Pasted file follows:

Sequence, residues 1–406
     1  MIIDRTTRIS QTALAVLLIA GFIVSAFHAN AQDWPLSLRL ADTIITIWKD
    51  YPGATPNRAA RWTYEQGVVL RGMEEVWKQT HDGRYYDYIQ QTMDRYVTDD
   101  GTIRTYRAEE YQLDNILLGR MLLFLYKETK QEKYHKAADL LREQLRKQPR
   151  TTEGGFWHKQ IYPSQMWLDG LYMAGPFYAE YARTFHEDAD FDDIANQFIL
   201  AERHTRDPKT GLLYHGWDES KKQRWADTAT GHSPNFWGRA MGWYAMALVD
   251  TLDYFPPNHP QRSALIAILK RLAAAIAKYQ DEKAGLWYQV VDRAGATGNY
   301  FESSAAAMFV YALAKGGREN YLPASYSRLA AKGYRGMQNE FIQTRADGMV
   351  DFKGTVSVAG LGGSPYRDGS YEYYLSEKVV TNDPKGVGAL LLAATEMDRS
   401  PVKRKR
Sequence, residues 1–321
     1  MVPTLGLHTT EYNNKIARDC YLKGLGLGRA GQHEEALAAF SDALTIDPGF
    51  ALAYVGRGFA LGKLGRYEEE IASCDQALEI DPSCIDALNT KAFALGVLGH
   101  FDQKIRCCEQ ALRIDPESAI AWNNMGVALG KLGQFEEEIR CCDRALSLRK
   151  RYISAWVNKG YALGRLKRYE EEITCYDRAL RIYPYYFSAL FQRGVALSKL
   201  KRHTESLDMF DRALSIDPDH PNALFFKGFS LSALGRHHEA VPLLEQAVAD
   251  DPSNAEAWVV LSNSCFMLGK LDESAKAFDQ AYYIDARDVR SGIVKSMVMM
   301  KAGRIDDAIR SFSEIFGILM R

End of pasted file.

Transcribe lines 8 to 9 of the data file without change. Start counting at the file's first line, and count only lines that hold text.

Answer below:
   301  FESSAAAMFV YALAKGGREN YLPASYSRLA AKGYRGMQNE FIQTRADGMV
   351  DFKGTVSVAG LGGSPYRDGS YEYYLSEKVV TNDPKGVGAL LLAATEMDRS